Reporters are out of touch so much with middle America that they don’t even understand that they are out of touch. The Tea Partyers and other perceived radical extremists are the result of years of common sense being trodden upon by the urban patricians. So, the next time you go through Columbia, SC, stop for breakfast at Lizard’s Thicket rather than the Hilton.

Personally, I don’t find many reporters whose biases don’t ooze from the pen like a vile slime that conceals even the most obvious fact. But, then again, that’s probably my bias!

Other than that, most of you guys do a great job. Just call an ace an ace without fear of retribution for political correctness. Remember, most accountants know how to show the facts any way you want to see them. It is up to the astute analyst to determine the most truthful and relevant – unless your boss doesn’t like it.

Come to think of it, you have an impossible job! I’m going for coffee – come along and we’ll talk sports.

Posted by Brigham 007 | Report as abusive

How about more editorializing and opinion? Seriously. Just shift all the line reporters to commentary, and dispense with news altogether. Because the opinions are so productive and valuable.

Posted by DM | Report as abusive


Thank you for this ande I hope Reuters will take the findings of this research seriously. The Pew research was probably done nationally, but it should be noted that in parts of the center of the country where I live I would assure you that the media is held in even lower regard; no that I know would say that the national media is unbiased. When Saturday Night Live joked on multiple occaisions about the media being in the tank for Obama did it never become a subject of serious concern in editorial boardrooms? It was funny because it was just the big inside joke of all the smart people, an in-your-face poke at conservatives. But we know the really is hardly different from the parody, and for that reason we mostly just ignore the msm now. You can recover our respect but it will mean making an honest effort at balance and abandon the trivial. The big joke around our house when we turn on the TV news or pick up a paper is for someone to say “I wonder if Michael Jackson is still dead.”

Posted by Jack L Graves | Report as abusive

OK so lets do a little experiment of our own on reporting a story:
Dean you just made a comment on the results so far of this question. You chose to represent the results in a certain way by breaking them down into 4 general categories you defined and responding in short to each, also pointing out where you sit personally.

Now that’s one way to present results, however after reading and analyzing the last 100 posts myself I found:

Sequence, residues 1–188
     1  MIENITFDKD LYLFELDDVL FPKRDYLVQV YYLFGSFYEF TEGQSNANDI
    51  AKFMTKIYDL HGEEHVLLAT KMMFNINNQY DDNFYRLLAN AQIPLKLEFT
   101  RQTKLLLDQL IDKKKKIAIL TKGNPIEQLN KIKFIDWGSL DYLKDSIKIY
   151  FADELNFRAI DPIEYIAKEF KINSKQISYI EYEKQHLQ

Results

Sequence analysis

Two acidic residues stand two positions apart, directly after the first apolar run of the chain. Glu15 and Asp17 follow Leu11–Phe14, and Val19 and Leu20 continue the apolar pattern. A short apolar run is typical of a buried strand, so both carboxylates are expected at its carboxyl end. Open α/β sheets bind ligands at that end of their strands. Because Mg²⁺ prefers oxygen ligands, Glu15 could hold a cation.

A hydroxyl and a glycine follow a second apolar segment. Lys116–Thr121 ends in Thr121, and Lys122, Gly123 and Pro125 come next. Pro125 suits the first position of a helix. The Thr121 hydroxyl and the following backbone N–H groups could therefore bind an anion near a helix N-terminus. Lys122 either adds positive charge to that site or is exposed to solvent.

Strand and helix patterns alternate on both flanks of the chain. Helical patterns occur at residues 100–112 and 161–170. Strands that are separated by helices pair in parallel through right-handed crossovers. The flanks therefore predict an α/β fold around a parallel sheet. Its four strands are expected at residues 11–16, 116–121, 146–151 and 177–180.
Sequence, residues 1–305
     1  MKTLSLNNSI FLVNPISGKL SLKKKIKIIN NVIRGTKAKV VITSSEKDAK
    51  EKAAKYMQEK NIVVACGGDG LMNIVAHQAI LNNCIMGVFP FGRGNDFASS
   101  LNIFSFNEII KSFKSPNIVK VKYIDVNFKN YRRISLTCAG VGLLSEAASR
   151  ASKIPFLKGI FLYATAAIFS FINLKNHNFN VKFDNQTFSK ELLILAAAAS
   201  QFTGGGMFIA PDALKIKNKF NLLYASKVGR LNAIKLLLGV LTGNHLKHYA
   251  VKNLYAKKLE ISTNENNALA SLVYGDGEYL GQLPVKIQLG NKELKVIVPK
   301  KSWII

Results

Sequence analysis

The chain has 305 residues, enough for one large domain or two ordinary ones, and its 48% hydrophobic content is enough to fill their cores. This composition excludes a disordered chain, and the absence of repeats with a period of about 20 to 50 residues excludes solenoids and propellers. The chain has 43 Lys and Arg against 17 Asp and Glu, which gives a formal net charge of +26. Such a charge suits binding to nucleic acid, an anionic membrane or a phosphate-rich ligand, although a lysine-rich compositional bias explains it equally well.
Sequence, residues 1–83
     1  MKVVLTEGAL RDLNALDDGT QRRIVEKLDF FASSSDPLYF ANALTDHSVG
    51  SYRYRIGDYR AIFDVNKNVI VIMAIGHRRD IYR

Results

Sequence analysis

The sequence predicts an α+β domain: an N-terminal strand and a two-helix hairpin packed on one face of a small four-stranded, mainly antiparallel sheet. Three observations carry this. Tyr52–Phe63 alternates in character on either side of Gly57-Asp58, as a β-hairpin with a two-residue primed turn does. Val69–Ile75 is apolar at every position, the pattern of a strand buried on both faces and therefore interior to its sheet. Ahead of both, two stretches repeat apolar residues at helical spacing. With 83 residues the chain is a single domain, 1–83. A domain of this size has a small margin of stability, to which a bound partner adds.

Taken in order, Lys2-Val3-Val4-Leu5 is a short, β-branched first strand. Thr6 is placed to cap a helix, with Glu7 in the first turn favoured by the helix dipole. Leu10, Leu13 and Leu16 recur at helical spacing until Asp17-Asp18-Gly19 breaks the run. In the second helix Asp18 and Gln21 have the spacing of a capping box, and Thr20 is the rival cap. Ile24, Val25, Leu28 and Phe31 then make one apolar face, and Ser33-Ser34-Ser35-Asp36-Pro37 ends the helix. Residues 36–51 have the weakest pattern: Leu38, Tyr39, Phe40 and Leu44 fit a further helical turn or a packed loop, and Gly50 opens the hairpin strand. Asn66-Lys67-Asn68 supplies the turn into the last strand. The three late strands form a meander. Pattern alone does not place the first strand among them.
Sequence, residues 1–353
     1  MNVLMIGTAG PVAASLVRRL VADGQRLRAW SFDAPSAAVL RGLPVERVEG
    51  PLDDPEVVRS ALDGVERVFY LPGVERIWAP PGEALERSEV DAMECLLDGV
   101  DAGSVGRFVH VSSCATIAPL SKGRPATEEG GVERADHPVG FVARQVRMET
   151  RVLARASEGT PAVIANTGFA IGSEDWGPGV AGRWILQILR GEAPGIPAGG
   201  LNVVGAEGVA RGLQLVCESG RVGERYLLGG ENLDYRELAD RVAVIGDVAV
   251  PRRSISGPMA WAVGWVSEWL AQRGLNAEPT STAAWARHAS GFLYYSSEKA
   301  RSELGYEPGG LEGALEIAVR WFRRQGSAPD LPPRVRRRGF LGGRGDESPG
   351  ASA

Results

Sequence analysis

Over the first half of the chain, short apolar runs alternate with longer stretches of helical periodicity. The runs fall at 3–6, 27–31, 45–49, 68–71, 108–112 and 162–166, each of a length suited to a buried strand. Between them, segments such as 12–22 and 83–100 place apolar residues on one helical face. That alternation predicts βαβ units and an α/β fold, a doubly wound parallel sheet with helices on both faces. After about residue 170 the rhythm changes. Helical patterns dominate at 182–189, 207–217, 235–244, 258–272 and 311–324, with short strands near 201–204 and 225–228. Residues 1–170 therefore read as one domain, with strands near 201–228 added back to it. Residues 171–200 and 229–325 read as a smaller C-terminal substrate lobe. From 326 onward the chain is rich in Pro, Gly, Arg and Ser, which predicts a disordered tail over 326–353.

- 96% of bloggers strongly agreed there was a serious problem with accuracy, bais or corruption in the media.

- 1 person in 100 (harold trout) thought there were no such problems.

- 3 people spoke off topic and did not address the article.

Now of those 96% the VAST majority were VERY strongly opposed to the current state of the media so much so that most of them took the time and effort to write and articulate very lengthy arguments as to why we should not trust corporate media.

I think I was maybe asking a different question than you dean, but do you think the one i’m asking is more important, or just more dangerous?
Can anyone explain the difference between my results and deans??

Posted by brian | Report as abusive

Dean Wright writes: “As an editor with 36 years in this business, I’ve never been more impressed with the quality of the men and women producing journalism.”

There’s the problem, Dean Wright. In therapy, it’s called ‘denial.’ You and other members of your profession seem to bathe in it daily.

Tell you what: next time you look out your window and see a mob of tea-baggers stomping around in the street, go back into your office and read ‘Glenn Beck’s Common Sense.’ Soon as you get through laughing at Glenn Beck and the idiocy of his followers, recall that the press was once known as ‘the schoolmaster of the people.’ Then explain to yourself again why it is that you think journalism is doing a good job for American democracy.

The state of this nation should be the shame of newsmen everywhere.

Posted by Deacon Solomon | Report as abusive

If journalism is to strive for an unbiased, objective telling of events, it will first have to start from the precondition that there is a Truth to be told. Unless the journalist believes in the fundamental philosophical principle that Truth Exists, then there can be no objectivity in his journalism.

The problem with journalism today is that the philosophically untenable principle of relativism has become the fundamental paradigm and perspective of journalists. Unfortunately, this reduces Truth to a series of competing, subjective perspectives. When everyone is always “correct,” then someone will always be offended that they are being lied to.

Thus, journalism’s bias becomes most apparent when articles are written that attempt to provide equal footing to perspectives that are contrary to Truth. Consider how words like “progressive,” “right,” and “pro-choice” are used in the journalism. These words are often used in a way that is directly contrary to basic foundational Truth.